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30 July 2020

Russia’s crop protection market remains the preferred choice for foreign companies

In 2019, Russia’s crop protection market grew by almost a third through increasing in cultivation area and intensification of agricultural production. However, the COVID-19 has shown how strong Russian producers depend on Chinese raw materials. CREON Group experts revealed recent trends.

Maria Dymenko, Olga Zhuravleva

2020 began for producers of plant protection products (PPP) with a disruption in international supply chains and longer delivery times. More than 90% of the active substance (AS) on the Russian pesticide market is supplied from China. “Companies that have managed to bring in AS before border closure with China, turned with great benefit”, – says the head of the PPP company supplying the largest Russian agricultural companies. In March and April, the deliveries from China were delayed for two to four months, says an industry player: “Some farmers at that time didn’t get orders for December and January 2019”.

To date Russia is the fastest growing market for PPP in the world. In 2019, Russian pesticide market grew by 28% exceeding 160 billion rubles ($2,3 billion). According to the Russian Ministry of Agriculture, in the previous year the sown area for grain and oilseeds increased by 1.1 million hectares which was a favorable factor for extensive growth in the use of PPP. That in turn contributed to the growth of herbicide market, accounting for about 50% of the total domestic pesticide market.

From January to April of this year the production of PPP in Russia increased sharply. According to Rosstat, in the first four months of 2020 the production of herbicides increased by 55.4% to 38.1 thousand tons; fungicides – by 3.2% to 10.6 thousand tons. Compared to 2019, in April herbicide production increased by 34.9% and amounted to 12.6 thousand tons, while the production of fungicides declined by 6% to 4 thousand tons.

Several factors contributed to the growth rates in the first four months this year, according to Mikhail Danilov, marketing and sales director of “August” company: “Early spring is the first factor. Secondly, many agricultural producers doubted that they will get ordered pesticides on time due to the pandemic restrictions, and purchased it in advance. Thirdly, many were aware that cost of production depends on exchange rate and tried to buy more products at old price. According to the Association of European Businesses (AEB) and Russian Union of Producers of Chemical PPP, in the first quarter of 2020 shipments of PPP to top 10 industry leaders increased by 62%. However, over time the surge in demand began to flatten – most farmers have already received the required products”.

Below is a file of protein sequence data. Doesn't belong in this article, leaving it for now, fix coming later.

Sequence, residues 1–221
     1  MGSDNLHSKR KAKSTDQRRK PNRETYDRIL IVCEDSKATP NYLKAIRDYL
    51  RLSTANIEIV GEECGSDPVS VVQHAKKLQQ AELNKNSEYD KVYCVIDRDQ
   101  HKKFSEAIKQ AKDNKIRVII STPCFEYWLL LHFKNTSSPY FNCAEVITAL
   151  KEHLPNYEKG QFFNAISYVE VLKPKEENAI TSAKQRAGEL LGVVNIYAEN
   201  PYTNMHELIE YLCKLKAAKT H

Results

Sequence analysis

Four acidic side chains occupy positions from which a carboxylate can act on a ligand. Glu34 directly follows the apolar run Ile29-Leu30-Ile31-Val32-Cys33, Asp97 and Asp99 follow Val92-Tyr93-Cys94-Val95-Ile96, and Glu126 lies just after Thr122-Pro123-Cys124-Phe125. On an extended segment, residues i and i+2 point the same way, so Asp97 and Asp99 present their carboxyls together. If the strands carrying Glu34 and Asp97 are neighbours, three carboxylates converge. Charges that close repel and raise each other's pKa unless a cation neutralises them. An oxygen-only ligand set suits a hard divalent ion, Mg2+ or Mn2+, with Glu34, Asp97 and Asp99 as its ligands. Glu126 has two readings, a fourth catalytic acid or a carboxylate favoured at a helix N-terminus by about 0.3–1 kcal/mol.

Pesticide Prices Rise

Following the pandemic and oil crisis, the ruble decline has affected the cost of pesticides since the price of imported AS pegged to the US dollar exchange rate. Thus, in April most of the PPP producers have had to increase prices for all groups of products. “Obviously we were forced to raise prices to exchange rate, on average up 10%,” says the pesticide supplier.

Large PPP producers have sufficient stock of raw materials to fulfill their contractual obligations, committed at the end of last year for next season. Therefore, pre-purchased AS at a lower exchange rate allowed large companies retain previously agreed price terms. “At the beginning of this year, before US dollar jumped, prices for chemical PPP were even lower than in 2019 due to the growing competition in the

market,” notes Mikhail Danilov. – Therefore, at the moment the average price of “August” products is lower than last year, whether we deliver under old or new contracts conditions.”

Most of the industry participants surveyed by CREON Group believe that the coronavirus won’t affect much to agribusiness and pesticide producers: “At the beginning of the pandemic there was a week or two of uncertainty, but companies continued to operate,” says an industry expert. “We work inside the agricultural market that is not affected by the pandemic, we have sown and sprayed everything, and no restrictions have bothered us,” says the Russian PPP producer from Russia’s top-10 companies – “If the ruble exchange rate will stable, then we can assume that sale prices will not change until the end of the year – we have not revised ours yet.” However, a regional representative of another large Russian producer expressed confidence that prices would be rising: “Surely, everything will go up. It’s unavoidable”.